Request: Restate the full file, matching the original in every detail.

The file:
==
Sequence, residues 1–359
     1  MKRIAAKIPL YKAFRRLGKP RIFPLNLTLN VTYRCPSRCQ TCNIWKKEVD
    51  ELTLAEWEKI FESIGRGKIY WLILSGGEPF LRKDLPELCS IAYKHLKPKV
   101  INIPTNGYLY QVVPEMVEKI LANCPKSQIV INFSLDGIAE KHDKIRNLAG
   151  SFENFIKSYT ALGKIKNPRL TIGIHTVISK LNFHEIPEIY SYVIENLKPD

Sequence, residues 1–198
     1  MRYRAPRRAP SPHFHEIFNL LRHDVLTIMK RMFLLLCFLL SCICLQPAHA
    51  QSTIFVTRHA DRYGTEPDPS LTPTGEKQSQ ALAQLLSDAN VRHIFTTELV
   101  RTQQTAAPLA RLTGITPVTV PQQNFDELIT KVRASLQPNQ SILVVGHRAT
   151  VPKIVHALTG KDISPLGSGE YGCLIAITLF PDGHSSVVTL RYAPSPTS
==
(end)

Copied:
Sequence, residues 1–359
     1  MKRIAAKIPL YKAFRRLGKP RIFPLNLTLN VTYRCPSRCQ TCNIWKKEVD
    51  ELTLAEWEKI FESIGRGKIY WLILSGGEPF LRKDLPELCS IAYKHLKPKV
   101  INIPTNGYLY QVVPEMVEKI LANCPKSQIV INFSLDGIAE KHDKIRNLAG
   151  SFENFIKSYT ALGKIKNPRL TIGIHTVISK LNFHEIPEIY SYVIENLKPD

Sequence, residues 1–198
     1  MRYRAPRRAP SPHFHEIFNL LRHDVLTIMK RMFLLLCFLL SCICLQPAHA
    51  QSTIFVTRHA DRYGTEPDPS LTPTGEKQSQ ALAQLLSDAN VRHIFTTELV
   101  RTQQTAAPLA RLTGITPVTV PQQNFDELIT KVRASLQPNQ SILVVGHRAT
   151  VPKIVHALTG KDISPLGSGE YGCLIAITLF PDGHSSVVTL RYAPSPTS